it is a subsequence of w as well as x. How do you find the length of the
longest common subsequence of two given words?

----------------------------------------------------------------------

We now return back to the longest palindrome problem.  If w is the word
w_1 w_2 ... W_M, we write Rev(w) for the reverse of w:

    Rev(w) = w_M w_{M-1} ... w_1

Notice, that any subword y of w that is a palidrome would also be a subword
of Rev(w) and is hence a common subword of w and Rev(w).

For example, consider the word w = ababbabbaa. babbab is subword of this word
( w = a babbab baa) and it is also a palindrome. 

     Rev(w) = aabbabbaba  (which can be broken up as  aab babbab a).

However, the longest palindrome need not be the longest common subword of
w and Rev(w). If w = aabcdabdcbadc then Rev(w) = cdabcdbadcbaa and the longest
common subword of w and Rev(w) is abcd (also cdab,dcba) and  has length 4.  
However, the longest palindrome in w is aa and has length 2.  

The point is that if y is a palindrome subword of w starting at position i
and ending at position j then it is a subword of Rev(w) starting at position
N-j+1 and ending at position N-i+1.  This is because, if u is the subword
between positions i and j in x then Rev(u) is the subword between positions
N-j+1 and N-i+1 in Rev(w).  In the above example, N is 13. In w,
aa appears between positions 1 and 2 and in Rev(w) it appears between positions
13-2+1 = 12 and 13-1+1 = 13.

Conversely, if the subword u appearing between positions i and j in w  is
the same as the subword appearing between positions N-j+1 and N-i+1 in Rev(w)
then u is a palindrome subword (the word appearing between N-j+1 and
N-i+1 in Rev(w) is Rev(u), u=Rev(u) means u is a palindrome).

But the subword between positions i and j in w and positions N-j+1 and N-i+1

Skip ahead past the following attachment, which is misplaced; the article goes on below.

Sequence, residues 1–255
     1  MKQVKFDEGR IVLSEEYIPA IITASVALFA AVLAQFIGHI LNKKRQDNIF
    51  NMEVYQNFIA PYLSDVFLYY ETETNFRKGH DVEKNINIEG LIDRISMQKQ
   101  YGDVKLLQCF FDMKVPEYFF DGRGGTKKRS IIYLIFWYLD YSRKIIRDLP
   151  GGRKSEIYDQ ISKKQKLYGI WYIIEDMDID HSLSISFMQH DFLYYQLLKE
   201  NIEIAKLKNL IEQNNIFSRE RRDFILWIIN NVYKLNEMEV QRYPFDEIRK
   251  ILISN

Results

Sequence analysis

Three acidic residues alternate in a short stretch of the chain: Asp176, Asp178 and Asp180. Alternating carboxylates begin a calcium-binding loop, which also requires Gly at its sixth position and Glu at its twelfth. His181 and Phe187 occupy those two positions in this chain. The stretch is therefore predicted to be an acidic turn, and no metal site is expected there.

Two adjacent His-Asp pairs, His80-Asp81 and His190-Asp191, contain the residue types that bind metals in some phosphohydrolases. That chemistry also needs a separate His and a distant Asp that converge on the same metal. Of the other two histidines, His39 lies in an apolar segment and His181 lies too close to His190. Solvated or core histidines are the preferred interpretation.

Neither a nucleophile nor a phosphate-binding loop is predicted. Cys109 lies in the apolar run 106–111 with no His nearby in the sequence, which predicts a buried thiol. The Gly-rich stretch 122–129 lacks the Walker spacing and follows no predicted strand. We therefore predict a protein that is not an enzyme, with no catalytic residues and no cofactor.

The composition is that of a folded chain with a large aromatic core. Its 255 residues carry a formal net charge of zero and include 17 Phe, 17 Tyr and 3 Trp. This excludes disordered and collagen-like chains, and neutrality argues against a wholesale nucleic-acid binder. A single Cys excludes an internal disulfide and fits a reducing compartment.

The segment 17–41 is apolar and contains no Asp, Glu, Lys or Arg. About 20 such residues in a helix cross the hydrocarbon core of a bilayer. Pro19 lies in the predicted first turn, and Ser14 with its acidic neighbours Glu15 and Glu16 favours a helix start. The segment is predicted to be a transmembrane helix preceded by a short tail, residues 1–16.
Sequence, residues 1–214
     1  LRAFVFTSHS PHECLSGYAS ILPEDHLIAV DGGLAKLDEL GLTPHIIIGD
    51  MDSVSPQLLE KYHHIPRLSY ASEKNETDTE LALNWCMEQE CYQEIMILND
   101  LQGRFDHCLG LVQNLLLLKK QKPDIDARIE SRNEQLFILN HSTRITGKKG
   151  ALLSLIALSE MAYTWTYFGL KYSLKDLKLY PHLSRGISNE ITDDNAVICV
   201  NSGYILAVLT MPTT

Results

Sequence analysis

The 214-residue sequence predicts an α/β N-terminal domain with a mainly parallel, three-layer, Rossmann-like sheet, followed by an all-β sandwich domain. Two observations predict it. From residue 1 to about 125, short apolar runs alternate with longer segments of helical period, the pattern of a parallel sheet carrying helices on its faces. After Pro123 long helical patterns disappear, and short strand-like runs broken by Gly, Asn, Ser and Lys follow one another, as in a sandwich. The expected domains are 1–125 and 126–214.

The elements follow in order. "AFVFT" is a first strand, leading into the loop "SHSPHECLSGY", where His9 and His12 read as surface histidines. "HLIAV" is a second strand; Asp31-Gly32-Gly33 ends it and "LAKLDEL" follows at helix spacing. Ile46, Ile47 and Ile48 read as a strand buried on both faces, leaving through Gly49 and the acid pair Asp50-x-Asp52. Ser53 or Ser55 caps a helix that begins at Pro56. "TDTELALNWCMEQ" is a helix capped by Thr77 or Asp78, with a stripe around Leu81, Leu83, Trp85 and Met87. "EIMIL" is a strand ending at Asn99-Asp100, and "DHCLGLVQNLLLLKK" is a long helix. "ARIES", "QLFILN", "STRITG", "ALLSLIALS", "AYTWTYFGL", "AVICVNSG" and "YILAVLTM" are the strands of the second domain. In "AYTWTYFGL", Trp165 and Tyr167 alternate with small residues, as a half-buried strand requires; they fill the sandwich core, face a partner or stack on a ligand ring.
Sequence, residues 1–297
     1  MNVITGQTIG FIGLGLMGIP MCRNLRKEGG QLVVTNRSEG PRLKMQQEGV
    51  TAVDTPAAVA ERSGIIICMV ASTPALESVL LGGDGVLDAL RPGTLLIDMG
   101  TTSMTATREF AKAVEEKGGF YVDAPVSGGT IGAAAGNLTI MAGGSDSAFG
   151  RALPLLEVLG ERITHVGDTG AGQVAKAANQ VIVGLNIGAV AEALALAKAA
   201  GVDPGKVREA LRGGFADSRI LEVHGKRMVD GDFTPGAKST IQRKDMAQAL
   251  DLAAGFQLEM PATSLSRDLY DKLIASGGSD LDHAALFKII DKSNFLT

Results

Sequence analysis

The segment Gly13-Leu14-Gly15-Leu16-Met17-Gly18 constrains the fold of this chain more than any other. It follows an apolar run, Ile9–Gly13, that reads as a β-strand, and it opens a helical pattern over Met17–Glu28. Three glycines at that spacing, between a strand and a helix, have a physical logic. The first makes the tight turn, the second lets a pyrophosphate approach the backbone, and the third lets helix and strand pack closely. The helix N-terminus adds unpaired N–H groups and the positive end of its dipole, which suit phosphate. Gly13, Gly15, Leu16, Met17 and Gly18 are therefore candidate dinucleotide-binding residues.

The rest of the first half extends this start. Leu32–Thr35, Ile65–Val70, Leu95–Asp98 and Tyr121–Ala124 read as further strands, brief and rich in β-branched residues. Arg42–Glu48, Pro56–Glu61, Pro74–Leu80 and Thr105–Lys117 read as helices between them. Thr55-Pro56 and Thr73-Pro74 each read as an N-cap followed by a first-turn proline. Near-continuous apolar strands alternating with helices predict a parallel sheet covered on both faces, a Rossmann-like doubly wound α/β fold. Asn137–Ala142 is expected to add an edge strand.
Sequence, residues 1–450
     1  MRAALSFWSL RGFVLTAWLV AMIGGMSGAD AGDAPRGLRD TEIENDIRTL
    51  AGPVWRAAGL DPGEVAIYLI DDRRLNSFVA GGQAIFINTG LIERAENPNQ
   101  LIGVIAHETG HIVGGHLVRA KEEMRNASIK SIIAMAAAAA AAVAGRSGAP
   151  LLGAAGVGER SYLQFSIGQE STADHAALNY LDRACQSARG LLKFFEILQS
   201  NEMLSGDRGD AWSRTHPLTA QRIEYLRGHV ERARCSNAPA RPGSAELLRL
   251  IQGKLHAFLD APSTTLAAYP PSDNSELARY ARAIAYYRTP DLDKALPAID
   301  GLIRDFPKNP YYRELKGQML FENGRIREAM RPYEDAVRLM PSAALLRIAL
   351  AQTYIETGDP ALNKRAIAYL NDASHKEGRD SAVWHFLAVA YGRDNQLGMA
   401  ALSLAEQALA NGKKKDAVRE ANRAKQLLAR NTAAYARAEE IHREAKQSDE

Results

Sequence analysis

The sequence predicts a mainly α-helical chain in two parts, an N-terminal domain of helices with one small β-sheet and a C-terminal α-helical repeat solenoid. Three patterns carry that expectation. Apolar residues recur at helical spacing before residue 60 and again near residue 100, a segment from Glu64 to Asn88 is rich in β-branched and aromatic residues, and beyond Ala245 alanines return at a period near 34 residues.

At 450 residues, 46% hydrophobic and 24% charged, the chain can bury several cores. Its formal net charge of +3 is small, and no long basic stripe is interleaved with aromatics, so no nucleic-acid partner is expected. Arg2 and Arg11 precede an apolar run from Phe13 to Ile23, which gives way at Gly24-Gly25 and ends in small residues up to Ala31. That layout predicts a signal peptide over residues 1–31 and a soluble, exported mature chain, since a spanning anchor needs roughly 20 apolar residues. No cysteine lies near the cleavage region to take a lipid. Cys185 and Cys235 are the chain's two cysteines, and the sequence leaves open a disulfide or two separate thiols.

in Rev(w) are equal if and only if the length of the longest common subword
of w and Rev(w) starting at positions i and N-j+1 respectively is at least 
j-i+1.

Thus, to check if the subword between positions i and j in w is a palindrome
it suffices to check whether the length of the longest common subword
of w and Rev(w) beginning at position i and N-j+1 respectively is at least
j-i+1.  

How do we do this?

We first run the dynamic programming algorithm for the longest common
subword of w and Rev(w) to compute the matrix L.

Now, to determine if the subword of w between positions i and j is
a palindrome it suffices to check whether L(i,N-j+1) ≥ j-i+1. This
can be done in just one step. Thus, after computing the array L,
it takes only one unit of time for each i, j to check if the subword
between positions i and j is a palindrome. We can find the maximum
but examining all paris i, j and thus, once the array L is computed,
we may compute the maximum length palindrome subword in time proportional
to N*N. Computation of the array itself takes time proportional to N*N.
Thus the overall time taken is still proportional to N*N.